Sunday, August 9, 2020

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Home Issue 18 Unchecked fracking may create salty wasteland

Unchecked fracking may create salty wasteland

LETTER TO THE EDITOR
 
Sir – Baseline studies for the fracking industry are being watered down under new draft terms of reference.
 
Fracking is already rupturing land and groundwater in the Territory, however the NT Government has only just released its Strategic Regional Environmental Baseline Assessment (SREBA) terms of reference for community consultation.
 
We know that Santos is now fracking.
 
What’s more, the SREBA terms of reference have been significantly weakened when compared to what the Pepper Inquiry originally envisioned they would be.
 
It stated: “In a number of cases, the panel has recommended that a strategic regional environmental and baseline assessment (SREBA) must be undertaken to provide the additional scientific knowledge and baseline information required before a final risk assessment can be made.”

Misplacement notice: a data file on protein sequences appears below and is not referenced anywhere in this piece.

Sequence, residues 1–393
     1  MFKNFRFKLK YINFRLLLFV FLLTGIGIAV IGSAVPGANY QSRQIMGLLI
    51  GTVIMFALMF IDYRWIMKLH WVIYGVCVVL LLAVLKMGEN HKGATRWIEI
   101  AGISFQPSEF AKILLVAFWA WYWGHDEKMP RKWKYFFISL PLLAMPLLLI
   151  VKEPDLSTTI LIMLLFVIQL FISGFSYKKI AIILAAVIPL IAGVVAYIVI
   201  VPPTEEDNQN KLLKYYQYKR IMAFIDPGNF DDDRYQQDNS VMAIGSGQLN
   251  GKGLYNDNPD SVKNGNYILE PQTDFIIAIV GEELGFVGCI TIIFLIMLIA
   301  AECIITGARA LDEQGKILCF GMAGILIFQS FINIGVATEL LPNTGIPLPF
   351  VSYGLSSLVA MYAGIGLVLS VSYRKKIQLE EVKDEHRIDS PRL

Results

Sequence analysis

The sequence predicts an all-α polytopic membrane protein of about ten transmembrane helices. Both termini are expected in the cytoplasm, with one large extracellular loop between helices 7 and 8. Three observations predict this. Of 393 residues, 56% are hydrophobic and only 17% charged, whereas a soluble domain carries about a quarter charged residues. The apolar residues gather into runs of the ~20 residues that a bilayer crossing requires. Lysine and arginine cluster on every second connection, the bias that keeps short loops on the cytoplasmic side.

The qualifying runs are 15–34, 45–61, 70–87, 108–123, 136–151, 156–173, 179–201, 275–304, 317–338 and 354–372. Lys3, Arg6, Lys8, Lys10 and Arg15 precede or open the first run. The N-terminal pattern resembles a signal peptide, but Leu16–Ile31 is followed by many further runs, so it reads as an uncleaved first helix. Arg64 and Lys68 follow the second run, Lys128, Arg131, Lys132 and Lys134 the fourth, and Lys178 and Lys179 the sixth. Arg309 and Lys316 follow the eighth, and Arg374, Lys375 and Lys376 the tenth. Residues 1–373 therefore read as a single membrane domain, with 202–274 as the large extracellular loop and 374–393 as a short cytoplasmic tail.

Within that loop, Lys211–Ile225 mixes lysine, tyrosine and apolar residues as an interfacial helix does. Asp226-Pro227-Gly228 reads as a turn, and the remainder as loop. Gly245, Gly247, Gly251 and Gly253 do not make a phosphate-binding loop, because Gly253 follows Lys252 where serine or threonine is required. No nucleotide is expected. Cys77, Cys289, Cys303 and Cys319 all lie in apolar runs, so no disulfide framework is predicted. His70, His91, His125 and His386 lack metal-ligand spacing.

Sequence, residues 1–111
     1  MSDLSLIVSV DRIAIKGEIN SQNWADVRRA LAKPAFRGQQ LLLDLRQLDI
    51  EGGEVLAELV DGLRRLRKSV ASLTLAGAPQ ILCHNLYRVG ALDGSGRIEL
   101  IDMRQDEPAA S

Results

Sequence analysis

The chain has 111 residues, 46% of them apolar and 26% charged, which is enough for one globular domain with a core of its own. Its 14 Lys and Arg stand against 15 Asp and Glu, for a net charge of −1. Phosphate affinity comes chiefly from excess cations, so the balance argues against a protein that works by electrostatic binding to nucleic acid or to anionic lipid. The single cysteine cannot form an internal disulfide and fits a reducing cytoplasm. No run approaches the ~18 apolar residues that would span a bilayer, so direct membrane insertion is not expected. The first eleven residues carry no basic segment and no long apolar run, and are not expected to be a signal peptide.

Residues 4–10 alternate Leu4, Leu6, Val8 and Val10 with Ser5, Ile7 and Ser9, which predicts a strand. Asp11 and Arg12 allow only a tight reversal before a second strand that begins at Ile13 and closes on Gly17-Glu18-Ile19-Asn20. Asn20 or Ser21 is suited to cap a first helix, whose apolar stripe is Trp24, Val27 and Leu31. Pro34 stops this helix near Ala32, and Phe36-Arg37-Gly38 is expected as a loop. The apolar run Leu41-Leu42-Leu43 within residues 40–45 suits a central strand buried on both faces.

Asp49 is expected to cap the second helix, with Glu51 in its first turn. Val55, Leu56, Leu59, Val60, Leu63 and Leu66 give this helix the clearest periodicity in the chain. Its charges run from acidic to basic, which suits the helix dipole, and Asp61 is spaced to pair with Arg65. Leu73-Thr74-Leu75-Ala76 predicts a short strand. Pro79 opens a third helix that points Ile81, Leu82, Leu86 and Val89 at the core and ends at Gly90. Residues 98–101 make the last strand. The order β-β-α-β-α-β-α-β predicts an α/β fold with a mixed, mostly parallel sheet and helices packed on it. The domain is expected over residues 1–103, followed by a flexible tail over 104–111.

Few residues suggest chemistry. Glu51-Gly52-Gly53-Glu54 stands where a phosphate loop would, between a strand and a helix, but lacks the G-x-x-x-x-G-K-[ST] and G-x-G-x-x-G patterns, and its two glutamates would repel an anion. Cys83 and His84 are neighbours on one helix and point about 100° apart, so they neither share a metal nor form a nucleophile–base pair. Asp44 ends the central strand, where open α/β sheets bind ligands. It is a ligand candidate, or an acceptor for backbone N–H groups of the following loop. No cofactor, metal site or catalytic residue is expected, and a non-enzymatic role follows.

There are examples where this is not happening. For example, Minister Lawler recently admitted the Water Resources Division had not conducted investigations into the Moroak Sandstone and does “not hold data regarding water levels and pressure in the formation at depth”.
 
This is just one of many glaring holes in knowledge which need to inform the final risk assessment, as the Moroak is four times saltier than the sea and over 1000 PSI in pressure, as drilling log files on the governments’ own website indicate.
 
The risks of it contaminating the freshwater aquifers near the surface and turning the area into a salty wasteland unsuitable for agriculture, wildlife or humans is very real. It would be a terrible tragedy to turn nearby Lake Woods into a saltwater lake because of ignorance.
 
Water from this region also flows into the Roper, Hodgson, McArthur and Daly River catchments.
 
Currently the Gunner government is ignoring perhaps the most important piece of the Pepper Inquiry.
 
Graeme Sawyer
Protect Country Alliance
 
 
UPDATE 10.40am
 
Protect Country Alliance claims coal mining and gas companies exploiting Australian resources have once again dodged corporate responsibility, with some paying little or no tax in the 2017-18 financial year.
 
The release of the Federal Corporate Tax Dataset for the period reveals that Santos, which has recently begun fracking in the Northern Territory, earned a staggering $3.5bn in the 2017-18 financial year, but also paid zero tax.
 
 
 

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